"It went into my arm, and came out nicely on the other side," Brown recalls.
MURRELLS INLET, SC (WMBF) - A Murrells Inlet woman says she was speared by a stingray in the arm and the leg during a fishing trip with her husband.
Karin Brown says she's dealt with a number of health issues since, and now she wants to make sure it doesn't happen to anyone else.
On July 9, Brown says she was at the beach with her husband, who was fishing, when he unexpectedly caught a stingray. Brown's husband advised her to leave the stingray alone, but wanting a closer look, she didn't heed the warning.
When she leaned over to inspect the stingray, the sea creature stuck her in the leg with its barb. Shocked, Brown immediately tried to remove the barb, but the stingray stuck her again, penetrating through her forearm.
"It went into my arm, and came out nicely on the other side," Brown recalls. Although it's a simple explanation now, the procedure to remove the barb was anything but.
EMS workers rushed Brown to the hospital to deal with the wounds on her leg and remove the barb lodged in her arm. Doctors removed the barb surgically, and sent Brown home the next day.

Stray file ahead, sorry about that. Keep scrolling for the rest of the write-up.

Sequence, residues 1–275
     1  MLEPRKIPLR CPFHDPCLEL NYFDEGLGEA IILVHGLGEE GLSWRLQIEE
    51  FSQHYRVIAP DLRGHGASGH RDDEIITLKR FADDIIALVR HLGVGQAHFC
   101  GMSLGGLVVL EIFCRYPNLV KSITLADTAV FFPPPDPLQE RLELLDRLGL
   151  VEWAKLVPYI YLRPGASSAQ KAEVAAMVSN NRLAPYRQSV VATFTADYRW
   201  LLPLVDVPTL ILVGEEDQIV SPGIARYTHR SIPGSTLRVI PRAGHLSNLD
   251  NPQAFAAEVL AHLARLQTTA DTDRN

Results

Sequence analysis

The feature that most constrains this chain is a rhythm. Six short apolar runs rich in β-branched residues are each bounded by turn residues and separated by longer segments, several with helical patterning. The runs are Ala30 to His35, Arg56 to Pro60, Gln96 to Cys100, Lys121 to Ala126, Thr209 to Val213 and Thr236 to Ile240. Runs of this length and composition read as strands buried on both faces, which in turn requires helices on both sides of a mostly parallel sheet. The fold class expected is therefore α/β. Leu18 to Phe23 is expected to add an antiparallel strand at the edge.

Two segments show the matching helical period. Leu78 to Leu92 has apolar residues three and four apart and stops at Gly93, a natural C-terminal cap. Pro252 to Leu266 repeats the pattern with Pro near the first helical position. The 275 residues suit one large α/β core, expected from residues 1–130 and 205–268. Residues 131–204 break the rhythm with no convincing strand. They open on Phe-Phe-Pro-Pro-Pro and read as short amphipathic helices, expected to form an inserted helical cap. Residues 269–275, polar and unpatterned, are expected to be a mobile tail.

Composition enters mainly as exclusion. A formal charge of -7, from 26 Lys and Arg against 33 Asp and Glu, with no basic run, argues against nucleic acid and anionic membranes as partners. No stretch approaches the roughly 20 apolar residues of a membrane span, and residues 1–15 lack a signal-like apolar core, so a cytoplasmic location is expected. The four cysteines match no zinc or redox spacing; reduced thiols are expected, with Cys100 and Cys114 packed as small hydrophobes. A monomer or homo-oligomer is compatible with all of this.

Even without a piece of the animal stuck in her arm, Brown soon back in the hospital with swollen hands and infections. Brown's leg became so infected, doctors hooked Karin up to a special machine that draws infection out of the wound 24 hours a day to keep it clean.
"I just kind of wrap my little cord around and walk around," Brown says. "I get some funny looks walking around the new Marshall's."
Brown says the bulky device and long tube aren't exactly a fashion statement, but it does keep the infection from getting worse.
Ripley's Aquarium marine biologist Tim Handsell says he's not surprised at Brown's injuries.
Handsell says sting rays in general are not aggressive, but will lash out with their sharp barbs if they feel threatened. He adds the barbs can cause tissue damage, problems with infection, and excruciating pain. He says it's best to leave rays alone if you can, and if one does end up on your fishing line, it may be safer to just cut the line and get a new hook.
It's a lesson Brown learned the hard way. Brown says next time, she won't ignore her husband's advice.
"[My husband] said my scar will teach me," Brown laughs. "Every time I look at my scar, it'll tell me to listen to my husband."
Brown says she hasn't been able to work in nearly a month because of her injuries. She says if the wounds don't heal like they're supposed to in the next couple weeks, she'll be forced to receive skin grafts to repair the damage.